x Abu Dhabi, UAETuesday 19 September 2017

First half profits dip for RAK Petroleum

DNO's recent progress in Kurdistan looks to lift the company

West Texas Intermediate futures for October delivery ended the trading the session on the New York Mercantile Exchange at $49.89, unchanged from the highest close since July 31 Pawan Singh / The National
West Texas Intermediate futures for October delivery ended the trading the session on the New York Mercantile Exchange at $49.89, unchanged from the highest close since July 31 Pawan Singh / The National

RAK Petroleum reported a slide in profits for the first half of the year, impacted by losses at its subsidiary DNO, coupled with a low oil price environment.

The Oslo-listed company reported a 15 per cent drop in profits for the first six months of the year to US$2.8 million compared to $3.3m the year earlier.

RAK Petroleum owns a 40 per cent stake in Norwegian oil and gas firm DNO and a 33 per cent interest in Foxtrot International, a privately held company that produces 75 per cent of the Ivory Coast’s gas needs from offshore fields in the Gulf of Guinea.

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DNO has struggled recouping outstanding arrears from the Kurdistan Regional Government (KRG). However, regular payments - including Thursday’s $34.75m for June deliveries - and a new agreement between the parties have resulted in DNO kickstarting its investment in the area.

The Norwegian company announced last week that it picked up half of ExxonMobil’s stake in the Baeshiqa licence on the heels of signing a “landmark agreement” with the KRG to offset arrears. The new terms give DNO a 20 per cent interest from the KRG in the Tawke licence, bringing the company’s operated stake to 75 per cent.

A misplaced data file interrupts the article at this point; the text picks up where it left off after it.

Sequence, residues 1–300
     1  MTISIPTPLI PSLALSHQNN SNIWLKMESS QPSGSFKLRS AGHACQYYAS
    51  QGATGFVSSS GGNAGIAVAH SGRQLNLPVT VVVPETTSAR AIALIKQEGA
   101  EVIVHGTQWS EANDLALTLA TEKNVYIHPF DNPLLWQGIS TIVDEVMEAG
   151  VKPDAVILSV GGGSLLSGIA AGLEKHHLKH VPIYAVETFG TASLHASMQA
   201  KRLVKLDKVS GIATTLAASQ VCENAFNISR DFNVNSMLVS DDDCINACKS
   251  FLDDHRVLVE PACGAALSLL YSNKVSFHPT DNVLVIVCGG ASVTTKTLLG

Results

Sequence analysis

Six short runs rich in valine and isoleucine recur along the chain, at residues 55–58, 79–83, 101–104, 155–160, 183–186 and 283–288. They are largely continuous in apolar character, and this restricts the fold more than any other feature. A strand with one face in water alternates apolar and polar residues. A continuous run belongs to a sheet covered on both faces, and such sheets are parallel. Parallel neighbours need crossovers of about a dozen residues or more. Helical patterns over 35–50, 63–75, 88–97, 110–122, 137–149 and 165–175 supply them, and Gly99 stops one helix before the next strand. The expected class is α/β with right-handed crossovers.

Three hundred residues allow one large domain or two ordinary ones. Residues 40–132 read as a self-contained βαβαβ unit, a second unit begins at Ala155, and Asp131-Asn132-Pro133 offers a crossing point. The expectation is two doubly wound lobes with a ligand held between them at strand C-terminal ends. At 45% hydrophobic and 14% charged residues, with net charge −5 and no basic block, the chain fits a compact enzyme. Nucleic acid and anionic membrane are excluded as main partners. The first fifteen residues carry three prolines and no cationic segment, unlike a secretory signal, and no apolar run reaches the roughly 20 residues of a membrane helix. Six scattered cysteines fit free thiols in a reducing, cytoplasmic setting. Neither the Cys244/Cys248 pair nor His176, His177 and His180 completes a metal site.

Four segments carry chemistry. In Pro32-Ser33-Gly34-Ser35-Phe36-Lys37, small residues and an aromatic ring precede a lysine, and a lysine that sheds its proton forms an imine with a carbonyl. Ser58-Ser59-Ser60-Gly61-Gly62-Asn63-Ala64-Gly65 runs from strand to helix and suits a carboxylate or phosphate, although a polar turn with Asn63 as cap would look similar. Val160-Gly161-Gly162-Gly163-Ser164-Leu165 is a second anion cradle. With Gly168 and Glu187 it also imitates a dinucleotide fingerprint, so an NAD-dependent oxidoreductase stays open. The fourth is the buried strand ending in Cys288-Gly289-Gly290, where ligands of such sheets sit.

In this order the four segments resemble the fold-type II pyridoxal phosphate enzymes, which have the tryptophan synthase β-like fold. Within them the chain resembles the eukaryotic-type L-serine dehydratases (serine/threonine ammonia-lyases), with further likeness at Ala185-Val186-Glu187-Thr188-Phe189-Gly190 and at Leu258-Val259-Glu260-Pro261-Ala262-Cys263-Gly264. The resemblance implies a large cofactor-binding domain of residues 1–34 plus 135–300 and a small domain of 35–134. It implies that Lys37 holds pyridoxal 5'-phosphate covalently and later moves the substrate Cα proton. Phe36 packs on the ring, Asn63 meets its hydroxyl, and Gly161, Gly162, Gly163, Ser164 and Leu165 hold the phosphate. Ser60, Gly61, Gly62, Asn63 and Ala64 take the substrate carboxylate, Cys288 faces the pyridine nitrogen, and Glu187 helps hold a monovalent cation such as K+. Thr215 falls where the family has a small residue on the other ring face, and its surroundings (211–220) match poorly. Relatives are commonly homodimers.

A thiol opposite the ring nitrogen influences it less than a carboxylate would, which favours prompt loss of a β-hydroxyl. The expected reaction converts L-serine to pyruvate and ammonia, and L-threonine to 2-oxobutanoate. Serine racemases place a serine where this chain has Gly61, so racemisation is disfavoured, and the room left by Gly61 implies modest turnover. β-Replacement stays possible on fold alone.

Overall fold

The licence includes the Tawke and Peshkabir fields, producing more than 100,000 barrels of oil per day.

RAK Petroleum’s half year report said that DNO will also receive a monthly sum from the KRG equal to 3 per cent of gross licence revenues for a period of five years as further payment towards the receivables. In addition, DNO is no longer on the hook for funding a $150m water purification plant that the government had initially deemed necessary.

Meanwhile,RAK Petroleum received $14.4m in cash distributions from Foxtrot and reinvested $2.5m toward capital and operating expenditures.

RAK Petroleum said that the principal risks and uncertainties facing the company remain largely unchanged. However, it said that successes in recent military campaigns against ISIL in Iraq and Syria, as well as DNO’s new deal with the KRG, “reduce the risk to DNO and improve the overall oil and gas investment climate in Kurdistan”.